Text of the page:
Earning High School Equivalency

Homeschooling through high school often means that your child will never receive a high school diploma. Given this information what are the alternatives? Earning High School Equivalency without a high school diploma can by done by taking a state authorized examination.

Earning High School Equivalency from Starts At Eight

The GED or General Educational Development Certificate has historically been the accepted state-authorized examination. However, several states have recently chosen alternative tests for determining high school equivalency.

What happened to the GED?

From 1942 the GED Test had been the only test used to measure if a person had achieved a level considered to be high school equivalency. Upon passing the GED Test you were awarded a High School Equivalency Certificate. The certificate was usually awarded by the State Department of Education where the test was taken.

In 2013 the California State Department of Education, along with many other states, decided to find alternative tests to award a High School Equivalency Certificate.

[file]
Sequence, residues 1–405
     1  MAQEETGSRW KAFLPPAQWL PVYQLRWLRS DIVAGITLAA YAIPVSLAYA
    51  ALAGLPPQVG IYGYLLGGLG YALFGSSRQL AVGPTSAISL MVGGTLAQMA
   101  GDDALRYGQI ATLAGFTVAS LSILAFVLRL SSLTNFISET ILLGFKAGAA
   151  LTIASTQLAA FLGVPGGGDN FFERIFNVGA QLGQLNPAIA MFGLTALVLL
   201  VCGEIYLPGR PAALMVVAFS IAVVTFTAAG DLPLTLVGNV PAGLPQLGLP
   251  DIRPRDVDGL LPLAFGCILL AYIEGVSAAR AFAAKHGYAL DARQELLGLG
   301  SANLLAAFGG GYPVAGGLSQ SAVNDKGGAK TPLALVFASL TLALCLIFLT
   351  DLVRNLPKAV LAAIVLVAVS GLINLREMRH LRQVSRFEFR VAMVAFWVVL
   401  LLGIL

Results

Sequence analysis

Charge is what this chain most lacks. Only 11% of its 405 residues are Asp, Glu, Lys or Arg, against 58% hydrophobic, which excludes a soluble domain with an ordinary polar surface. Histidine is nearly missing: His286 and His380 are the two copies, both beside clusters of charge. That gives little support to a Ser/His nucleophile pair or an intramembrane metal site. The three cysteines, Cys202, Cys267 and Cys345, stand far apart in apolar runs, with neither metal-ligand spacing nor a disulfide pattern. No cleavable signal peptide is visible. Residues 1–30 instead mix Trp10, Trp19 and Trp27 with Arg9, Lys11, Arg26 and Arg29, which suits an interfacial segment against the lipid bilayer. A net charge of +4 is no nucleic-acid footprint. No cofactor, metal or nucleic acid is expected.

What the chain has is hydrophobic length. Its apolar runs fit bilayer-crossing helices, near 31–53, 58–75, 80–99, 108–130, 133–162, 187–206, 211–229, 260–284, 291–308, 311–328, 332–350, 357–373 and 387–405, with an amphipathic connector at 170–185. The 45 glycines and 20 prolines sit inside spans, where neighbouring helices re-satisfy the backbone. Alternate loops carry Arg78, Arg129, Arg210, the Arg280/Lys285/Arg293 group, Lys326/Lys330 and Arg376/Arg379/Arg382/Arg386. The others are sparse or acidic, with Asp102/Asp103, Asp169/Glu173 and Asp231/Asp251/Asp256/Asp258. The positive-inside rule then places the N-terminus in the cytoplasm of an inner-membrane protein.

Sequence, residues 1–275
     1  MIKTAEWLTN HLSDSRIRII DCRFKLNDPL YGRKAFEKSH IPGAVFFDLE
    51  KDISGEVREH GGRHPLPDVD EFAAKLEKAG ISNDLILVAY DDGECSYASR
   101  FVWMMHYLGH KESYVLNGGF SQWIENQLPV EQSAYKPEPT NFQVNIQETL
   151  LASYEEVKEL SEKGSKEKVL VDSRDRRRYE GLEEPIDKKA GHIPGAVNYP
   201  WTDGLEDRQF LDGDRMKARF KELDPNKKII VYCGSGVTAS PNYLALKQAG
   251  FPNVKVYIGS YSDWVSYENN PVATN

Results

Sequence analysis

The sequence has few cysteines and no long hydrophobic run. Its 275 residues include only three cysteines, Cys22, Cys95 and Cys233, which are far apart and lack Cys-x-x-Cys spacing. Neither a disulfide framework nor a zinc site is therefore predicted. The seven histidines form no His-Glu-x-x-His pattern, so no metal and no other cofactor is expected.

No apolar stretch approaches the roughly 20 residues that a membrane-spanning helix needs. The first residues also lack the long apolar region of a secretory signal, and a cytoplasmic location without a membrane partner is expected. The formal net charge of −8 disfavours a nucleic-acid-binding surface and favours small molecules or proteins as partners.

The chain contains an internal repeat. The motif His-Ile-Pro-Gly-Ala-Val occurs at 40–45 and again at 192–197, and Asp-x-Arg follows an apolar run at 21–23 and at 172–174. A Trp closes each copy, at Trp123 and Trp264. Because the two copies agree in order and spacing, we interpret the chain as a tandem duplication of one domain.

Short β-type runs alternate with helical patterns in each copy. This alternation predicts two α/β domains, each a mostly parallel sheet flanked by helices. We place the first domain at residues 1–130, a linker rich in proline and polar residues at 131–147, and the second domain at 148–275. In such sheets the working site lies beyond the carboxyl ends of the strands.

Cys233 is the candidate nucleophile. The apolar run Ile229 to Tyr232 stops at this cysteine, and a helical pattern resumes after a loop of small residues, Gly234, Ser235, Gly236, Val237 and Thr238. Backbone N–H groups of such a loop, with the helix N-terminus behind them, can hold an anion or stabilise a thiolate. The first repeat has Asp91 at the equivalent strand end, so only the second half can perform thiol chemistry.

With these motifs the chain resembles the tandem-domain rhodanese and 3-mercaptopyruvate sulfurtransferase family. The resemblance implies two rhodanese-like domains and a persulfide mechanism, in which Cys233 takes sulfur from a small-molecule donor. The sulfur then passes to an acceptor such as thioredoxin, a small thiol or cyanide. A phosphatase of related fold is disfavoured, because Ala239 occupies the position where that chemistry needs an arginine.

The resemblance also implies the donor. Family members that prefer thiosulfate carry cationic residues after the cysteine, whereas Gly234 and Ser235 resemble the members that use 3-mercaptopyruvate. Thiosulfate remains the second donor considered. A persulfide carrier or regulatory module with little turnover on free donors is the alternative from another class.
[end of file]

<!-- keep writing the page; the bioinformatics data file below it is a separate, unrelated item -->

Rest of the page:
In March of 2014, the decision was made to allow 3 tests: The GED 2014, the Test Assessing Secondary Completion (TASC) and the High School Equivalency Test (HiSET). Both the TASC and the HiSET are available on computers and in pencil/paper format. Some states offer one, or a choice among these options.

GED FAQ’s

  • The GED is accepted by over 97% of colleges and employers
  • To determine eligibility and testing procedures in your state you need to find your GED Testing Administrator
  • There are four GED subject tests: Reasoning through Language Arts, Mathematical Reasoning, Science, and Social Studies. (Recently condensed from 5)
  • You do not have to take all subject test on the same day.
  • A passing score is 150 for each subject. Therefore, you will need  a score of at least 150 on each subject and a total score of 600 or higher across the four subject tests in order to receive the GED test certificate. Students may also earn an “honors” score if they receive a score of 170 or higher on any subject.
  • Test scores will be returned within three hours of completion of each test module.
  • You are entitled to retake each test. You may take the same subject test over again three times in any one year. There is no set time between when you took one subject test and when you may take it over again.
  • For more information visit GED.com

TASC FAQ’S

  • Assesses 5 subject areas: Reading, Writing, Mathematics, Science, and Social Studies
  • Common Core Aligned
  • Immediate scoring for computer based, and 10 day return on pencil/paper exam.
  • This exam launched in January 2014 and is undergoing more changes in the coming years.
  • For more information visit CTB/McGraw Hill

High School Equivalency Study Resources

Complete Idiot's Guide to The GED - 5 Subject Crash Course